Tekamah-Herman school 2018

Rumors of what Tekamah-Herman Schools might do with a block of Main Street frontage property it doesn’t yet own drew more than three dozen people to the district’s Board of Education meeting April 9.

“We’re not here to start a controversy, we just want information,” former school board member Gordy Bryant told the board. “People are asking me all the time about what’s going on and I encourage them to come to you.”

Last December, the board voted unanimously to contribute up to $100,000 to a proposal to purchase all the property it doesn’t already own on the west side of Main Street in the block south of the school building. The center of that block contains the district’s Trades and Industries building and the former police station the district recently purchased from the city. Other properties on the block include the former Medicine Chest building, the original home of Burt County Museum, the former American Legion hall and the current vets hall which hosts the Lewis and Clark mural.

The school will partner with Tekamah Community Foundation to buy the property with the stipulation that the existing buildings be demolished within two years of the first purchase and the school must properly maintain the site.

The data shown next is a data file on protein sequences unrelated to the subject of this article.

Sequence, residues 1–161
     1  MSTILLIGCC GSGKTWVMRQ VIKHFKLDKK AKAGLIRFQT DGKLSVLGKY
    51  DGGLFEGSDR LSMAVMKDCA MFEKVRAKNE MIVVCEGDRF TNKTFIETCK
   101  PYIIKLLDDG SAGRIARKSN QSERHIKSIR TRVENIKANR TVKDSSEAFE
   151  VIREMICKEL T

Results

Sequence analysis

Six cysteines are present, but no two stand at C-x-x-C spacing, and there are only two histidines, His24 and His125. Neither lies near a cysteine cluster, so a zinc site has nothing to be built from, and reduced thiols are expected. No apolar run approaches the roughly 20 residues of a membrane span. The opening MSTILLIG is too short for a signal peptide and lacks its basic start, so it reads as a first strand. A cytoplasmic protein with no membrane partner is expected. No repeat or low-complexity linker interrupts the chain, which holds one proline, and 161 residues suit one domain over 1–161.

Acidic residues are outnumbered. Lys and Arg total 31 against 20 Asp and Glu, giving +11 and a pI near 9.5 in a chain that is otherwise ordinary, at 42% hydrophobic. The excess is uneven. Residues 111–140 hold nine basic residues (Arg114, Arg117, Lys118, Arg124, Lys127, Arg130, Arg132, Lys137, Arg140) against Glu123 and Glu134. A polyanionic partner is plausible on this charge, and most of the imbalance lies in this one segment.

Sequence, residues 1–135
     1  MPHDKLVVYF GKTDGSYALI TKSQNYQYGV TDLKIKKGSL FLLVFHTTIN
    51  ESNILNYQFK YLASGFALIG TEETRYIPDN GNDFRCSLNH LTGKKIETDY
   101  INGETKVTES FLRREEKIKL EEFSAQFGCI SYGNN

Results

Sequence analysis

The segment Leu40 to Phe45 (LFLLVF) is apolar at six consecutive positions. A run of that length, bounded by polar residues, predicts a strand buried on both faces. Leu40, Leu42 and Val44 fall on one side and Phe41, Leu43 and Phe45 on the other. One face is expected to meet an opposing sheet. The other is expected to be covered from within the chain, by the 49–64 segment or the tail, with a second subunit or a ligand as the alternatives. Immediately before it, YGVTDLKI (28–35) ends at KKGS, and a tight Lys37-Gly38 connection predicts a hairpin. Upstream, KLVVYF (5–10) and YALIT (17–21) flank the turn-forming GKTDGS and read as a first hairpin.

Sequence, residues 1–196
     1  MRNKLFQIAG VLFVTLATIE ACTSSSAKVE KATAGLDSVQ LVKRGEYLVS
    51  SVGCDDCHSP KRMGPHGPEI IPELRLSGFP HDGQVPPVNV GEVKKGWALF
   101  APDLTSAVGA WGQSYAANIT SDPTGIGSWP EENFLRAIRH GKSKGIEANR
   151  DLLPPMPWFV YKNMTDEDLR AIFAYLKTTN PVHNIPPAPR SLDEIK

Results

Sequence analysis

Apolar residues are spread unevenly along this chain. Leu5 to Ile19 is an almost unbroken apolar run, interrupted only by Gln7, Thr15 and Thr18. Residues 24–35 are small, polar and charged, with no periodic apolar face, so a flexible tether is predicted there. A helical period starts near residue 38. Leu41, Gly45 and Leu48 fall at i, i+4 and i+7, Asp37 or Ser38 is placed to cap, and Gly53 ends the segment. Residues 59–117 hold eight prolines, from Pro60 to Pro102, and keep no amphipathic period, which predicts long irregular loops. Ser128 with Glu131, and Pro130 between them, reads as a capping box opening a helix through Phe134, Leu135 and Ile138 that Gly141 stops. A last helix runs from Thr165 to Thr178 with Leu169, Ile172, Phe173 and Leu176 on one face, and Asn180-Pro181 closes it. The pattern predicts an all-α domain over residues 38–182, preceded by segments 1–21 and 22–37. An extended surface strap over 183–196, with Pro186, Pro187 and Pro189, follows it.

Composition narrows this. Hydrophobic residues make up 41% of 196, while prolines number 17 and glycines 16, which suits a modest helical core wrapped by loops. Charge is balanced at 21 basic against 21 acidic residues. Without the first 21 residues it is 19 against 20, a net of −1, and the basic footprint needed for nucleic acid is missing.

Board members said title searches are still being done on the properties and no purchase agreements have been executed.

Former board member Bret Brodersen he’s hearing concerns that the site would be used for a new sports complex.

“Do we need a practice gym? Yes we do,” Brodersen said, “but we have education needs to take care of.”

Brodersen suggested a better plan might be to purchase the recently vacated Tekamah Motors property.

Board member Chris Booth said the two men made “valid points.”

He said the board’s building committee has explored a number of options.

“Right now, nothing is final,” he said. “We are brainstorming a lot and for now we want to focus on the block to the south.”

Booth said the board started the process by surveying district staff, then started setting priorities.

“We’ve addressed the immediate needs and now we’re working on the middles,” he said. “The T&I building is among them.”

Beyond that, he said, the board has no plans or goals for development of the property.

Board members said the district’s biggest issue is a lack of space. Buying the property gives the board more options to ease the space crunch, but, again, no definitive plans have been made.

Board member Trent Leichleiter said the board needs direction and wants the community’s involvement.

Priorities were expected to come more into focus following a board retreat held April 12. Booth said the idea behind the retreat is to not only develop priorities, but also determine the best ways to interact with patrons.